The New Year is also a time to reflect on the past and plan for the future.  So I share with you a history of the financial planning profession and some future trends. It has and continues to evolve and adapt as life and the environment change.

The industry is relatively young emerging in the 1960’s. However, the concepts of personal financial planning had its roots a hundred years prior with the Morrill Act of 1862 and the rise of land grant universities. The US government promoted agricultural and industrial studies and States were each offered 30,000 acres of land to either sell or used to develop colleges. Some of the first were Michigan State and Iowa State. Home economics departments emerged, first directed at the farm household and later expanded.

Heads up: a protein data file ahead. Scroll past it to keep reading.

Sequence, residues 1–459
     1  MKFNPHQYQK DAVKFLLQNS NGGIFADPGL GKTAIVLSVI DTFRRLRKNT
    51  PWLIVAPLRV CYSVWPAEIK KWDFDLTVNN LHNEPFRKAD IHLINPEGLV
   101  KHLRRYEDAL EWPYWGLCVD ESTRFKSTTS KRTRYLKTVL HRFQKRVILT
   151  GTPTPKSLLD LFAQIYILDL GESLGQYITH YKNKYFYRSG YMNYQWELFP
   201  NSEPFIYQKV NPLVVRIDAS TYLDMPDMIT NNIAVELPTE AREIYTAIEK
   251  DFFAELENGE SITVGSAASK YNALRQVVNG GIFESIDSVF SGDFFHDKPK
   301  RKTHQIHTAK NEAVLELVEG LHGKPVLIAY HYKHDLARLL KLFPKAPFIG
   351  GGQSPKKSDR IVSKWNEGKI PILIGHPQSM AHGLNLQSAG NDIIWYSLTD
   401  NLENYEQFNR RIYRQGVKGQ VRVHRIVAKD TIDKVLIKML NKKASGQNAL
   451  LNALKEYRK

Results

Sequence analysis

Financial planning as we know it today was born in December 1969 when thirteen financial services industry leaders gathered to discuss the creation of a new profession. The first CFP graduates were in 1973. Over the years, three main organizations would emerge – a membership association (FPA) and an education and enforcement arm (CFP Board), and one who was focused on fee-only advice (NAPFA). These organizations promote the planning industry, maintain and enforce high standards of practice, and support initiatives holding planners to a fiduciary standard. There are approximately 170,000 CFPs worldwide, and numerous CFP Board Registered colleges.